Mexico: Authorities must solve killing of second journalist in Veracruz
This post originally appeared on the PEN International website.
May 17, 2016
The Mexican authorities must investigate the fatal shooting of journalist Manuel Torres from Veracruz State on May 14, 2016, as a matter of utmost urgency, ensuring that any possible links between his death and his journalistic work are thoroughly scrutinized, said PEN International today. Torres is the fourth print journalist to be killed in Mexico this year, and the second from Veracruz.
“Today in Mexico, in Veracruz, the violence is seemingly endless and impunity almost absolute; the plight of journalists is just the tip of the iceberg,” said Jennifer Clement, President of the worldwide writers’ association PEN International. “I urge the Mexican state to break the link in this infernal chain of impunity by investigating and solving the killing of journalist Manuel Torres.”
According to news reports, Manuel Torres, an experienced freelance journalist who ran his own website, was killed by unknown assailants as he was returning home in Poza Rica, Veracruz. That morning he had attended a meeting of local candidates for the Institutional Revolutionary Party (PRI). He died of a single gunshot to the head.
Torres leaves behind a wife and two children.
Torres had been a reporter for over 20 years and had worked for TV Azteca, the daily newspaper Noreste, and the online news portal Radiover.com among others, according to news reports. He was reportedly known for his coverage of law and order. Recently, he had set up his own local news website (http://mdna.noticiasmt.com/) which covered politics, crime, and social issues.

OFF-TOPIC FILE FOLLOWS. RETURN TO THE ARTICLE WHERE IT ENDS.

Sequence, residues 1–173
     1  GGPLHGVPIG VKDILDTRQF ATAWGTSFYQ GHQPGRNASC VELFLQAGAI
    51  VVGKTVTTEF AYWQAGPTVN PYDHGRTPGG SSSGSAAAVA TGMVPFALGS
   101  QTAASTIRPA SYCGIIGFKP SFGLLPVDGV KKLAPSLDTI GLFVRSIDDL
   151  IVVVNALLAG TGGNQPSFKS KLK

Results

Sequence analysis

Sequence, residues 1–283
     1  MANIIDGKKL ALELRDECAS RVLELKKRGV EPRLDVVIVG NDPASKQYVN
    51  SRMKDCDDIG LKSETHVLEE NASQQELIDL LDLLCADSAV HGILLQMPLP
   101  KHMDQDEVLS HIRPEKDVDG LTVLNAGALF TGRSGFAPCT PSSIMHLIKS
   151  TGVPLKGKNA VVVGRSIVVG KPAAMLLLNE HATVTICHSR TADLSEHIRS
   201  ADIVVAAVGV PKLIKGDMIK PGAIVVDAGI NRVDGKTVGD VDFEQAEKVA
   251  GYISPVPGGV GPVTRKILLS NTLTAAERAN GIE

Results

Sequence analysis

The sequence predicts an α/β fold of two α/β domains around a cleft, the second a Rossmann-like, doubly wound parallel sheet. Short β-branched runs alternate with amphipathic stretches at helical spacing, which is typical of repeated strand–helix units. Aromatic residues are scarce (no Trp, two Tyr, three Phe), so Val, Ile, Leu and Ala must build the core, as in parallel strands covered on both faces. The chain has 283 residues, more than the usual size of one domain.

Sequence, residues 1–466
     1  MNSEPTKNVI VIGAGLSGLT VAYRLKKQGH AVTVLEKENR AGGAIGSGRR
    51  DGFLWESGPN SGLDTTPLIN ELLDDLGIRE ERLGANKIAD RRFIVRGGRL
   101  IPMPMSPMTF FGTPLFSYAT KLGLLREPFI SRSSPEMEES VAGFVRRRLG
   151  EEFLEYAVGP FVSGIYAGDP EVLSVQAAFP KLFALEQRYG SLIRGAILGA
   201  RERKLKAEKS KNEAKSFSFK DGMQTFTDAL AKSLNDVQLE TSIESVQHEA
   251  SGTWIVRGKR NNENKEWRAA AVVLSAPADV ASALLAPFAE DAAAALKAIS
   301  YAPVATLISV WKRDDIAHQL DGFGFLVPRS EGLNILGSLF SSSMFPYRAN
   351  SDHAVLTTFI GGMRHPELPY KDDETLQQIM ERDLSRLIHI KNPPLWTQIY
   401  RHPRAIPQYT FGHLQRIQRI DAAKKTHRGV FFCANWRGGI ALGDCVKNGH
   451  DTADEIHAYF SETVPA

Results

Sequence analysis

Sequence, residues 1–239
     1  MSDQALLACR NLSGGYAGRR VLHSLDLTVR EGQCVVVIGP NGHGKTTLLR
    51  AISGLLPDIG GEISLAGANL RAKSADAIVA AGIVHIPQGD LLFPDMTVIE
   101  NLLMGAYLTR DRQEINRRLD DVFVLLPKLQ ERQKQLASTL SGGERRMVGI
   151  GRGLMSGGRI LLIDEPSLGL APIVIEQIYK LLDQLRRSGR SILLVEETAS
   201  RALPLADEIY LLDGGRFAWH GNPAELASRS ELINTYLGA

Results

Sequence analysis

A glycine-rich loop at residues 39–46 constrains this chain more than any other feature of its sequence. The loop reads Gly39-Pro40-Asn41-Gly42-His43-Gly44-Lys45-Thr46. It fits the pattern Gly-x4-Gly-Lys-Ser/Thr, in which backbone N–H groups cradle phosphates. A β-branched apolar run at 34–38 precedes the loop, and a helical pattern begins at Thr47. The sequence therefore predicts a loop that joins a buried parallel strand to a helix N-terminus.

One of Torres’ last posts from May 11, 2016, shows a photo of the wife of the newly named PRI candidate for the government of Veracruz, Senator Héctor Yunes Landa, at an election campaign meeting with other female PRI members. Although the article is by another journalist, the photo carries Torres’ by line.
The Poza Rica regional attorney general is investigating the murder. Worryingly, a statement by the office of the Veracruz state attorney general on May 14 did not recognize Torres as a journalist, identifying him only as an assistant and driver for the PRI town hall official Carlos Ortiz Christfield of Poza Rica, work which Torres carried out alongside his journalism.
The Veracruz State Commission for the Protection of Journalists (Comisión Estatal de Atención y Protección a Periodistas – CEAPP) – created by the Veracruz state government in 2012 but in principle independent – issued a statement condemning the murder and calling for a swift investigation, which it said it would monitor. A CEAPP representative who reportedly came to Poza Rica in order to offer the family support and protection measures affirmed that Torres was indeed a journalist.
PEN International calls on the Special Prosecutor for Crimes against Freedom of Expression (Fiscalía Especial para la Atención de Delitos cometidos en contra de la Libertad de Expresión – FEADLE) to assert its jurisdiction in the case and to ensure that any possible links between Torres’ death and his journalistic work are properly investigated. FEADLE is the federal authority responsible for the investigation and prosecution of crimes against freedom of expression, including the murder of journalists.
Torres is the fourth print journalist to be killed in Mexico this year alone, and the second in Veracruz state. Anabel Flores Salazar, crime reporter for El Sol de Orizaba, was found dead on February 9, a day after she was abducted from her home in Veracruz state.
According to PEN International research, at least 13 print and internet journalists have been killed in Veracruz since 2004, more than in any other state; 10 of them have died since 2010, when Jaime Duarte became state governor. Veracruz was the state with the highest incidence of attacks on journalists in the first four months of 2016, according to a report by Article 19. At least 75 print and internet journalists have been killed in Mexico since 2004, according to PEN International research, while another 11 have disappeared. Around 90 percent of these cases remain unresolved.